According to Amata, it was a multiple camera shoot and she was encouraged to ditch the traditional script as the task of engaging directly with an audience came naturally to her. Students were invited to serve as the studio audience and they had to record as much as six episodes at a go. After shooting, Amata would hit the road, searching for television stations interested in airing the content. The first episode of Inside-Out aired on 12, July 1997.
Sharing life issues
Gradually, as Inside-Out with Agatha began to find its audience, Amata began to find herself. Practically everything she has learned, about production and about the media business has been gleaned through direct experience and a willingness to learn. The media space in Nigeria is particularly rocky and there haven’t been many proper role models to look up to, but Amata has been able to sink her hooks in and carve a space for herself.
Inside-Out became the go to place for Nigerians searching to unburden their minds as Amata provided a welcoming space where all kinds of discussions could be played out. Amata welcomed prostitutes, widows, homeless kids and even the occasional criminal and gave them a chance to tell their truth without judgement. Okay, maybe with a little judgement.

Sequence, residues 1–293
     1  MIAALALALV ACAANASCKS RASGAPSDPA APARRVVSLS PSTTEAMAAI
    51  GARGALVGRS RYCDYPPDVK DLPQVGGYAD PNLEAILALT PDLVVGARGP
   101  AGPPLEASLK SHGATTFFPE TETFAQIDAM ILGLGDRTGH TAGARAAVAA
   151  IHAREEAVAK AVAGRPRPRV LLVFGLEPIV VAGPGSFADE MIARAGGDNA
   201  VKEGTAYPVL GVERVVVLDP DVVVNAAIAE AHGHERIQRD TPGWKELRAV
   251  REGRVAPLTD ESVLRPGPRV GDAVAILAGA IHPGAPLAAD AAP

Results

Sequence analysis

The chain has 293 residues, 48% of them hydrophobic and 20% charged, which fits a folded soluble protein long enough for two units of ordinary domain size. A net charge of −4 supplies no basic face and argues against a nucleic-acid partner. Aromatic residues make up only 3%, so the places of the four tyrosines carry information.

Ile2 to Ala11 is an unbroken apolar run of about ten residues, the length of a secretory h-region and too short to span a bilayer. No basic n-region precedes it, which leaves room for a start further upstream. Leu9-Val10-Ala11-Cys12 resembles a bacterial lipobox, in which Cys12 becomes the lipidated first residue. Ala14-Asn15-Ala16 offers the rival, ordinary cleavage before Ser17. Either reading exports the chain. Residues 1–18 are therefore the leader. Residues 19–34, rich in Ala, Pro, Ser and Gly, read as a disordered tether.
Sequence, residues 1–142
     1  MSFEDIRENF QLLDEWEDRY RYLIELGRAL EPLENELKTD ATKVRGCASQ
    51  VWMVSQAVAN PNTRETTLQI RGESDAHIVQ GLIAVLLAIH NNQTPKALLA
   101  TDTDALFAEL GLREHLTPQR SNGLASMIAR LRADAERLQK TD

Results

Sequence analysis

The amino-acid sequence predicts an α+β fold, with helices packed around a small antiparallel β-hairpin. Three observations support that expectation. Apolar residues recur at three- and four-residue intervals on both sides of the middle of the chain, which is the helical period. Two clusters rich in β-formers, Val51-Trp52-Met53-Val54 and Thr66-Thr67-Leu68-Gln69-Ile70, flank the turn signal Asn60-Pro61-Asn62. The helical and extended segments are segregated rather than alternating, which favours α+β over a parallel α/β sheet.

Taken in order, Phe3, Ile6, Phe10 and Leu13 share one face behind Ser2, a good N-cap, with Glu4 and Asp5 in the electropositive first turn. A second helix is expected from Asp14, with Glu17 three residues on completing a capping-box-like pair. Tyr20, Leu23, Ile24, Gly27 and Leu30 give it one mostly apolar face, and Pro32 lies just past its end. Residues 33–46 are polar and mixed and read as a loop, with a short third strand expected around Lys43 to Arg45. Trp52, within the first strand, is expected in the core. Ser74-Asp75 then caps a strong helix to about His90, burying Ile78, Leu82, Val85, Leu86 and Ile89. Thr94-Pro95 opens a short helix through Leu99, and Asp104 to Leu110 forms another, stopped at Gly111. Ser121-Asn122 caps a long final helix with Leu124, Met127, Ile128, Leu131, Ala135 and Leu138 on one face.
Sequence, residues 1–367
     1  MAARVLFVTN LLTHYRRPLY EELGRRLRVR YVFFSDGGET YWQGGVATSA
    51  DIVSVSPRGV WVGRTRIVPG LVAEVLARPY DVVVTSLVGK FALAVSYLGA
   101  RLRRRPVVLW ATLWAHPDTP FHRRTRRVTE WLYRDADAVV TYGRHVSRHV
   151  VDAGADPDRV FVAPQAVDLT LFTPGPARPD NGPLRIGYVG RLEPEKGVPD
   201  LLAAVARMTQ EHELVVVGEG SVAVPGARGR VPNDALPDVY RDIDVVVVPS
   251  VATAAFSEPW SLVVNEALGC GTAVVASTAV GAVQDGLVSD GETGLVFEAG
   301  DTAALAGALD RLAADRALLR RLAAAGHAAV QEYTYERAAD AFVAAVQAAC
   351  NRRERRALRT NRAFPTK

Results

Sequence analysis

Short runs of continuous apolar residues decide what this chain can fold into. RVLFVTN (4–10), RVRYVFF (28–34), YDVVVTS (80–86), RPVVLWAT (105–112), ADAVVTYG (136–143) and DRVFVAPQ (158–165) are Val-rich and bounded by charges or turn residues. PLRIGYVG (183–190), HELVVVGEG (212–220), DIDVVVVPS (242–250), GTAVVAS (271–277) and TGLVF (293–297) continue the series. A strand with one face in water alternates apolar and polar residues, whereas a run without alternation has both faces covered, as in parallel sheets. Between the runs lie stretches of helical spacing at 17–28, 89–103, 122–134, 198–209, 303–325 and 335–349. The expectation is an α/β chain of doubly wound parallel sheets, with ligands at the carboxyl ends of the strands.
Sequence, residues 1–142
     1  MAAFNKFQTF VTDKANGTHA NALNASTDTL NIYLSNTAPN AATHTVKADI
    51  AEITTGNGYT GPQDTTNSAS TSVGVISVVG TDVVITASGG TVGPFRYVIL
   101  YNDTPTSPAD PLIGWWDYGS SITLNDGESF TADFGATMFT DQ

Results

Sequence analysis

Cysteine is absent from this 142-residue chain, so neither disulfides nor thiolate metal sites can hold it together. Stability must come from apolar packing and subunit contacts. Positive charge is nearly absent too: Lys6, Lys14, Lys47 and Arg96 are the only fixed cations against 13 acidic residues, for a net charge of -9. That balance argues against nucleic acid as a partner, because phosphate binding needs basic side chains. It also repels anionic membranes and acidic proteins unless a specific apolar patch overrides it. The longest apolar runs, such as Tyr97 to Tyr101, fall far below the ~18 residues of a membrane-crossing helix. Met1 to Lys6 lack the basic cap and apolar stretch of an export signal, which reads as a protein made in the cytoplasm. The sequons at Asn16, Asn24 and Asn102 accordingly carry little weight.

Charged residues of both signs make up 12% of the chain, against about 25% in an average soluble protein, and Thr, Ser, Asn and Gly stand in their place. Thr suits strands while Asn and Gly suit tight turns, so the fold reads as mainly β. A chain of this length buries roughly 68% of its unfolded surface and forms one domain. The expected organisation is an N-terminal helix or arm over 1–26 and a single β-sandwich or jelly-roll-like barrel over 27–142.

In an interview marking Inside-Out’s fifteenth anniversary, Amata pointed out a particular episode, Show me the way home, about a Nigerian woman recently released from incarceration after spending fifteen years in a Thailand prison, as a personal favorite.
Inside-Out spawned an offshoot, Inside-Out Extra but it wasn’t enough for Amata and she began to look beyond independent producing, for other ways of creating content across various media. She produced her first home video, The Addict, as a follow up to an experience of substance abuse that was first shared on the show. Directed by Fred Amata, The Addict was a family affair as her younger brother, Tony Nwakalor was cast in the lead role, alongside a supporting turn from Kate Henshaw.
During the shoot for her second film, Widow, also an adaptation of an Inside-Out story, lead actress Stella Damasus lost her husband, Jaiye Aboderin suddenly. According to director, Kingsley Ogoro, Damasus on returning to filming, requested that some of her experiences be included in the final cut.
It took well over ten years for Amata to make a return to film and in 2018, she settled for Disguise, a dismal, no good, attempt at plumbing the minds of both sexes starring Nancy Isime and IK Ogbonna, with funding derived from the Bank of Industry.